- Ask us for a new card number if you suspect that your debit card may have been compromised at a merchant, restaurant, or ATM. It's important to change both your card number and your PIN whenever you experience a potential theft of your personal information.
ATM skimming occurs when a device, or skimmer, is attached to an ATM or point of sale terminals with the goal of stealing card information. The stolen information is used to create counterfeit credit or debit cards in order to make fraudulent purchases and withdrawals from your account.
ATM skimmers have two components. The first is an electronic device that fits over the card slot. When a card is swiped or pushed into the slot, the data on the card’s magnetic strip is copied. The second component is typically a hidden camera used to capture your PIN.
How to Protect Yourself from ATM Skimmers
- Use familiar ATMs: ATMs located in dimly-lit areas or are frequently used late at night could be more susceptible to skimmers. Try to use an ATM at an inside location under video surveillance.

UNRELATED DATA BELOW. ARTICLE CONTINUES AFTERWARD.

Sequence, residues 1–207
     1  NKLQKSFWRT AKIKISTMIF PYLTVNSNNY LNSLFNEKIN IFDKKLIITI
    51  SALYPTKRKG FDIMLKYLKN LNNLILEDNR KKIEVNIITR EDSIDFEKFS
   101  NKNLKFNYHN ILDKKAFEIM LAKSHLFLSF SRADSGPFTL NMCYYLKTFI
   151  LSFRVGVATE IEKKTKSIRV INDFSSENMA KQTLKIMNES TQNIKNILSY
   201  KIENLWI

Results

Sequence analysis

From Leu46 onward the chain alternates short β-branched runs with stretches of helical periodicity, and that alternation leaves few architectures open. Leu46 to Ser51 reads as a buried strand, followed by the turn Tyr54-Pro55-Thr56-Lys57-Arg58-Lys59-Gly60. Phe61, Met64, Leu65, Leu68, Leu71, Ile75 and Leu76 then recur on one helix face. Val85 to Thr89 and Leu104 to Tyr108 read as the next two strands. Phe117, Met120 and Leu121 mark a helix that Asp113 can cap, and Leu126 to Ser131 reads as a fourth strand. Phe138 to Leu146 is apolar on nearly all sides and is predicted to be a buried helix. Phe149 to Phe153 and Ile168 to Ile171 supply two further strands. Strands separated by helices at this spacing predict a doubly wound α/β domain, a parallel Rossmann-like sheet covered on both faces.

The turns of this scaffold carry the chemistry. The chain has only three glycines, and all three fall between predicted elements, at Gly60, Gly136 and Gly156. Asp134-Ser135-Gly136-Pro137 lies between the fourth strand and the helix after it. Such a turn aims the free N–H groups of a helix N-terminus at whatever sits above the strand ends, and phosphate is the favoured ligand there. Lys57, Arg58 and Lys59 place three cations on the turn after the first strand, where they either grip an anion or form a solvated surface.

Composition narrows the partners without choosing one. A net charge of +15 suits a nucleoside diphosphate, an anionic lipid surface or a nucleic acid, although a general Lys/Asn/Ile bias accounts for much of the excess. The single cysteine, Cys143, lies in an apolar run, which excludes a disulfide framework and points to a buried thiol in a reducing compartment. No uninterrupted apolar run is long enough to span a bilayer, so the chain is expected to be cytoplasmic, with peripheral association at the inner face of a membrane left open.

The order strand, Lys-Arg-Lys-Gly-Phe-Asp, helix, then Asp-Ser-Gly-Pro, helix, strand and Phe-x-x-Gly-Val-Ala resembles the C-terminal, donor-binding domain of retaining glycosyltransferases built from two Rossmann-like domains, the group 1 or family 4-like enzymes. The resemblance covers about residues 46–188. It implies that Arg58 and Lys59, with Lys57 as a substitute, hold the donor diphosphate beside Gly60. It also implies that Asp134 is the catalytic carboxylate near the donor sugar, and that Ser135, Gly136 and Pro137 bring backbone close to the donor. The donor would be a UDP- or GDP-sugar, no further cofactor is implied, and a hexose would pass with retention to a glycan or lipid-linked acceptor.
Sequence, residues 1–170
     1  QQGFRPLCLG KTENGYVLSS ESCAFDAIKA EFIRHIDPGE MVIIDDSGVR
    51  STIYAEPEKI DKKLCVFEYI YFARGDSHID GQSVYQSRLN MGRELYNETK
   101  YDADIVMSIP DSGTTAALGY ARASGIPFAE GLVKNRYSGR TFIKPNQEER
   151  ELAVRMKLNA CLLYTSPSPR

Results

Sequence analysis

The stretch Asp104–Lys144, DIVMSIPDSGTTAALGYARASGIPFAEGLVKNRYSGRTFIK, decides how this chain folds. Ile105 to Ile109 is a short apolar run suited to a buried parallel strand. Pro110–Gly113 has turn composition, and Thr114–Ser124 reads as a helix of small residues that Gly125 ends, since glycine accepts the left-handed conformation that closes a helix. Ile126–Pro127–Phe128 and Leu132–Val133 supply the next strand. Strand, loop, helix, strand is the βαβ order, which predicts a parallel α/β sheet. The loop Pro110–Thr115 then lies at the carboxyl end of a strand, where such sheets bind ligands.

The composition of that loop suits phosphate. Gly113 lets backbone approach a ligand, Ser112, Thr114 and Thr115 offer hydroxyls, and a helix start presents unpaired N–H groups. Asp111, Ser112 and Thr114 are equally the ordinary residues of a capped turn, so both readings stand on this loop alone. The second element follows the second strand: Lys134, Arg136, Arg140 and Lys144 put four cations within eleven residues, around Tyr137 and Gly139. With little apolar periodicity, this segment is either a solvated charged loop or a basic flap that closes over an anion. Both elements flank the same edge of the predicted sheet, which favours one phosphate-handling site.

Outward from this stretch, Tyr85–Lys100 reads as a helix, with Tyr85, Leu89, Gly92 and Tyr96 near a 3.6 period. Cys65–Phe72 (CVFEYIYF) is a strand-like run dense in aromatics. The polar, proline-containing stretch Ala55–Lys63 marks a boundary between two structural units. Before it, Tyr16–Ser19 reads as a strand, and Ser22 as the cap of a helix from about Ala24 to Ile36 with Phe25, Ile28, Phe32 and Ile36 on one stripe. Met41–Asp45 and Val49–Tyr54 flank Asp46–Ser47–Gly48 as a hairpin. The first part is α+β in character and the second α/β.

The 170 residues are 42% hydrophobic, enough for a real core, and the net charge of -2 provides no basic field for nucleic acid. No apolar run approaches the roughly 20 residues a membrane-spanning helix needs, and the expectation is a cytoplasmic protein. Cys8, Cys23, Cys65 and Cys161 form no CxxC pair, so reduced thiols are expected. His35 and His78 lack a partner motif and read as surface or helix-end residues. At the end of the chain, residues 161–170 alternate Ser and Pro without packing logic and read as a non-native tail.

- Examine the ATM: Take a quick look at the ATM before you use it to see if anything looks out of place. Check to see if anything looks loose or damaged. You should also check for scratching around the card slot, adhesive, tape, or glue residue.
- Check the card reader and keypad: If anything seems out of place or poorly attached to the ATM, gently tug on it. If it moves or comes away from the ATM, it may be a skimming device.
- Look for hidden cameras: Look for small holes above the ATM screen or keypad that may contain a pinhole camera to capture your PIN.
- Protect your PIN: Shield your PIN with your hand when you type it onto the keypad. In the event you do encounter an ATM skimmer, this is the easiest way to protect yourself.
- Monitor your accounts: Make checking your accounts online part of your routine. If you notice any suspicious transactions, notify us as quickly as possible.
If you notice fraudulent transactions, contact us immediately at 800-348-4738.
Securely Manage Your MWA Accounts Online
When visiting our homepage, make sure it says
mwafcu.org in the address line.
One trick phishers use is called “spoofing”. The phisher will set up a website that looks exactly like a legitimate one but has a different address. They then trick us into giving them information like account numbers, passwords, Social Security numbers or logon IDs. Once they have this information, they can go to the real website and use it to steal.
A fraudulent email or link may direct you to a website that looks like ours at first glance, but the address is different. Sometimes the difference is very subtle and hard to catch like http://www.mwafcu.com or http://www.mwfcu.org/ which are only slightly different, but take you to the wrong site.
When visiting Digital Banking, make sure the address
line starts with secure.mwafcu.org